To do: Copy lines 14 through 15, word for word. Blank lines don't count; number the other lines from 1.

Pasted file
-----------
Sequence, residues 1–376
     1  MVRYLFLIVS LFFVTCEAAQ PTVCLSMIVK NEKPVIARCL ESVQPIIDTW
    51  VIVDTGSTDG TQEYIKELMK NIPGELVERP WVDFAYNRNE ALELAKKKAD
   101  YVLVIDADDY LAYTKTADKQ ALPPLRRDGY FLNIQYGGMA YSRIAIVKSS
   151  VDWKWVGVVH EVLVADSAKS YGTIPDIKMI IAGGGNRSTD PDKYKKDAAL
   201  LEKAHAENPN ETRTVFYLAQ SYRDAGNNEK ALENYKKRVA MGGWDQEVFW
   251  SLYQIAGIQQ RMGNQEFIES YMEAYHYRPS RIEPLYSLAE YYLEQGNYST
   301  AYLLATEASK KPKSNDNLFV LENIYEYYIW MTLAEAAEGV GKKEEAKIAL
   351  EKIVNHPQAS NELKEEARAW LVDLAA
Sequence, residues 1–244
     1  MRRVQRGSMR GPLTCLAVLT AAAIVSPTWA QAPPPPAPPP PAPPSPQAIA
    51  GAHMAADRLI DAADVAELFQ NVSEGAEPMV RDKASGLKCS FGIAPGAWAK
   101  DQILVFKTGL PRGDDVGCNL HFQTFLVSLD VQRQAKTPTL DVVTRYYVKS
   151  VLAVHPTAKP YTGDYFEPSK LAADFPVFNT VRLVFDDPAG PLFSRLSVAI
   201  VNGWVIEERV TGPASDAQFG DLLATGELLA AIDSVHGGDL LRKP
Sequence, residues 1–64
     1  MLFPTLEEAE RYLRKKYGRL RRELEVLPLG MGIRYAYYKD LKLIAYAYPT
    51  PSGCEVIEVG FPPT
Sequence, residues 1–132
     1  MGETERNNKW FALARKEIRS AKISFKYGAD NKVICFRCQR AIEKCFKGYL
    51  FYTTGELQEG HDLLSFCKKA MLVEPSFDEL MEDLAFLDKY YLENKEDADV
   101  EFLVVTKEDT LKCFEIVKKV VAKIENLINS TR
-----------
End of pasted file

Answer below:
   151  VLAVHPTAKP YTGDYFEPSK LAADFPVFNT VRLVFDDPAG PLFSRLSVAI
   201  VNGWVIEERV TGPASDAQFG DLLATGELLA AIDSVHGGDL LRKP